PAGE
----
A Touch of Greek

By: Tina Folsom



Many thanks to my critique partners Grace and Virna for their continued support, invaluable ideas, their laughter, and their friendship. And to my husband Mark for his patience, his love, and support.

A big THANK YOU to the readers and bloggers who help support my writing by spreading the word, recommending my books, and reviewing them.


Sophia stomped through the white sand with her little red plastic bucket and headed for the water. Just because Michael was two months older than she, he thought he could order her around. Now he wanted her to fetch water so he could build a sandcastle. And, of course, he would take all the credit for it.

She’d show her little creep of a cousin what he could do with his water. She would pour it all over him instead of in the sand. That would teach him to treat her like his personal slave. And after this summer, she’d be starting school, and then she would make her own friends and wouldn’t have to play with him anymore.

There, take that, Michael!

Sophia waded into the shallow water and dipped the bucket into it, filling it to the rim. As she straightened, a movement caught her eye. Several feet further out in the ocean, the tail fin of a huge fish sank back beneath the surface. She stumbled backwards, startled. Her grip on the bucket slipped. It sank, and with the next wave it was pulled out of her reach.

She cursed with the only cuss word she’d ever heard her aunt Eleni use, “Shit!” and instantly put her hand over her mouth, praying nobody had heard her. She darted a nervous look over her shoulder, but luckily nobody was close. According to Eleni, five-year-old girls weren’t supposed to use words like that.

A splash in the water made her turn to her right. And then she saw him.

He was resting on one of the large rocks which stuck out from the water. Like a sea lion, he lay there sunning himself. Only she’d seen sea lions before, in the zoo, and he looked like no such creature. No, he looked like a … mermaid. But that wasn’t possible, was it? Mermaids were girls, not men.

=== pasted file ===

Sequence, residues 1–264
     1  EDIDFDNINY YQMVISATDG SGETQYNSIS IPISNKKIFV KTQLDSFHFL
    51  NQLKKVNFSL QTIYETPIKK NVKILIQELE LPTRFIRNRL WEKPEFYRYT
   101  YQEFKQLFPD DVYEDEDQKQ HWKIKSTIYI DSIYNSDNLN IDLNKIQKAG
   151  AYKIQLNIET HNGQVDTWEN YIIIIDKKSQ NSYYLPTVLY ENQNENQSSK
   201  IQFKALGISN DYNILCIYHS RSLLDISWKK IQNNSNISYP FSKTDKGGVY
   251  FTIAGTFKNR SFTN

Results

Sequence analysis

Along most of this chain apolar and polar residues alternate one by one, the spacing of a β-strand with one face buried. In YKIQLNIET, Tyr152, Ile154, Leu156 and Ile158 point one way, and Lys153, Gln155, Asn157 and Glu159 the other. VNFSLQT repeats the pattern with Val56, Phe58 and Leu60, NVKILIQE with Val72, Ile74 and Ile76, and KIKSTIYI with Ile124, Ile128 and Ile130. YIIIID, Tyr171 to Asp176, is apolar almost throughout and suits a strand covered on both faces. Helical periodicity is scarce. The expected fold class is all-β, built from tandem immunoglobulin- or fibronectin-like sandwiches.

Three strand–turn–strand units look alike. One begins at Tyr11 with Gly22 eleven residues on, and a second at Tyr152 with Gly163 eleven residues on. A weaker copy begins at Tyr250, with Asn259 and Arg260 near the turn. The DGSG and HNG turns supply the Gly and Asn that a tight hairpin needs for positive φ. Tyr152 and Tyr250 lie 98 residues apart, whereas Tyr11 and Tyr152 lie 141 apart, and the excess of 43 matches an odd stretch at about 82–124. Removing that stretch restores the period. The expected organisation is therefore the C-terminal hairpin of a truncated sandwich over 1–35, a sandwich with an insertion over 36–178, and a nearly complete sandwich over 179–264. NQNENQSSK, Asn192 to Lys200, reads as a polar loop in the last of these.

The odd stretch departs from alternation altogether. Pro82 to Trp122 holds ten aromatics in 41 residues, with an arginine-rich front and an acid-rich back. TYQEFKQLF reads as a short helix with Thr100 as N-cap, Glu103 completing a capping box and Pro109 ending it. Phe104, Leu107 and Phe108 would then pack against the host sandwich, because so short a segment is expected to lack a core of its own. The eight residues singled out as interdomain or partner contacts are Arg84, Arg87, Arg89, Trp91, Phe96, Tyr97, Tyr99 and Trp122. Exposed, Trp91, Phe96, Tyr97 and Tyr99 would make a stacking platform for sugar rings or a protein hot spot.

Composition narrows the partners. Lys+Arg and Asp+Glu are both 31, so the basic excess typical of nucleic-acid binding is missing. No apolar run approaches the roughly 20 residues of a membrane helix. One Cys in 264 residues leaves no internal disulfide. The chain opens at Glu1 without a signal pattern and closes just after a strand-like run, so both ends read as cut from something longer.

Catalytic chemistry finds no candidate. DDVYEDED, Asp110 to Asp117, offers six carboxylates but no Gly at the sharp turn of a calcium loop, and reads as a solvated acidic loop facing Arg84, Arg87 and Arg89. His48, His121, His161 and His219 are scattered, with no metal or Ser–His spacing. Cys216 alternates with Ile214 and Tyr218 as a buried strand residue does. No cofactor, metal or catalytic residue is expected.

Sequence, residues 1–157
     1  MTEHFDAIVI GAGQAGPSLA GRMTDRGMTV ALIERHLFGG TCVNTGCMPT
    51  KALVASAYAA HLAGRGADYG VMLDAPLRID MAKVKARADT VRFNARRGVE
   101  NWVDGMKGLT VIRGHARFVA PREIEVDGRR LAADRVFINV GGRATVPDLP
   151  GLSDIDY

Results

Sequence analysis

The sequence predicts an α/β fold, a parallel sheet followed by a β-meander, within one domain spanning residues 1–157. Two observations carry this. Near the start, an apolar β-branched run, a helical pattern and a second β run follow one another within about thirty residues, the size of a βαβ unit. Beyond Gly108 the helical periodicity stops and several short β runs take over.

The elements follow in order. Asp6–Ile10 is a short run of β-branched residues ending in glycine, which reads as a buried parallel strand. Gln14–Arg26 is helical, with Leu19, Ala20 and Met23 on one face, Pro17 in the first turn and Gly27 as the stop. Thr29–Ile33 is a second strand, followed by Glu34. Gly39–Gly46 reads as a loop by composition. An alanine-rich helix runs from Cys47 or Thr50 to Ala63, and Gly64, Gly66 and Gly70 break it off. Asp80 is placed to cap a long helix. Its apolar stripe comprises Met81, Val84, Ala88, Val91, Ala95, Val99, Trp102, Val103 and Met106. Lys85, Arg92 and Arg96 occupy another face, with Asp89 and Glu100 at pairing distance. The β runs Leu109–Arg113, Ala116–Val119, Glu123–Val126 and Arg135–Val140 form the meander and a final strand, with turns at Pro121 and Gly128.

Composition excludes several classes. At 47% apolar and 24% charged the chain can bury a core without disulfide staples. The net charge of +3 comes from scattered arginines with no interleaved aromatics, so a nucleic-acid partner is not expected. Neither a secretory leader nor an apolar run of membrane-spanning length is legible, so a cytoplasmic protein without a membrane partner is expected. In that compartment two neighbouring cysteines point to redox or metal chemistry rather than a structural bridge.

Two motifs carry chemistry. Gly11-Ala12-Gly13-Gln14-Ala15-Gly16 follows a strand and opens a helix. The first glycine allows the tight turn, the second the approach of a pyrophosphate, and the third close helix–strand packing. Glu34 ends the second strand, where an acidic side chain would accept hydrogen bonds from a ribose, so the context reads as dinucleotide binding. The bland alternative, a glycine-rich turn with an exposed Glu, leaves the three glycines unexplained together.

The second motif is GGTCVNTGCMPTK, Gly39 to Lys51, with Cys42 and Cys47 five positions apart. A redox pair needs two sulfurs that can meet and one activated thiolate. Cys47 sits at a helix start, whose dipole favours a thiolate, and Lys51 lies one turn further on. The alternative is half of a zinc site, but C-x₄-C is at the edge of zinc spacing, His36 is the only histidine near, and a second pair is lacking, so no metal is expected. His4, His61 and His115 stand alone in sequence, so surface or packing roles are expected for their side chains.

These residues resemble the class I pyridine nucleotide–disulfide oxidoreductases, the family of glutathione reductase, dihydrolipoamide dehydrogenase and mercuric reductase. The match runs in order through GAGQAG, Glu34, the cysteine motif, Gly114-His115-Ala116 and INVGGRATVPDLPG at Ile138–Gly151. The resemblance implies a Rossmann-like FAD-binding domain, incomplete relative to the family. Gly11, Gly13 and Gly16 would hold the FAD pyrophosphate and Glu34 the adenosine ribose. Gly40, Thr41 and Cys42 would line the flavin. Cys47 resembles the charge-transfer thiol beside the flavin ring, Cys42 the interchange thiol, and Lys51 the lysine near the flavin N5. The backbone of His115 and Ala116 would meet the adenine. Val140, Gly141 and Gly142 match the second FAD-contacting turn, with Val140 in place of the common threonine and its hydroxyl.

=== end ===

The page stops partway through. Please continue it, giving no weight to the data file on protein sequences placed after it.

Sophia waded through the surf to get a closer look at the strange man.

“Are you a mermaid?” she asked loudly, waving her arms so he would notice her.

He instantly sat up, gave her a startled look, and jumped back into the water.

“Wait, don’t go!” she yelled. She hadn’t meant to scare him off.

All of a sudden, she felt new waves rush at her feet and lost her balance. She fell backwards, and the current pulled her into deeper water. She kicked her legs to keep her head above water, but she was scared—more than she’d ever been. Before the current could pull her under, arms grabbed her and lifted her up. Sophia wiped the water out of her eyes and stared at her rescuer.

It was the mermaid man—he’d come back. She gave him a huge smile, her fear instantly forgotten.

“Are you a mermaid?” Sophia asked him again and looked at him. His upper body was that of a big man, but just below the surface of the water she could see the scales of a fish and a large fin moving as if he treaded water.

He chuckled. “No, little one, I’m not a mermaid.”

“What’s your name?” Eleni had told her it was impolite to ask strangers questions, but she didn’t care.

“I’m Poseidon. What’s yours?”

“Sophia. And I’m five.” She held up her hand, showing him all five fingers so he would know for sure how grown up she already was.

“Well, Sophia, now that we’re friends, can you make me a promise?” His look was conspiratorial, the same way her aunt always looked when telling her a big secret.

“Yes,” she whispered and drew her head closer to him.

“Promise me to never tell anybody that you’ve seen me. Nobody is supposed to, because I’m invisible.”

“But you’re not. I can see you,” she protested.

Poseidon smiled. “Yes, and that’s quite a bit of a surprise. So how about I promise you something in return?”

Sophia listened up. A present? A new toy? “Okay?”

“You promise me you won’t tell anybody that you’ve seen me, and I’ll let you play with my son one day. Deal?”

She was a tough negotiator. “When?”

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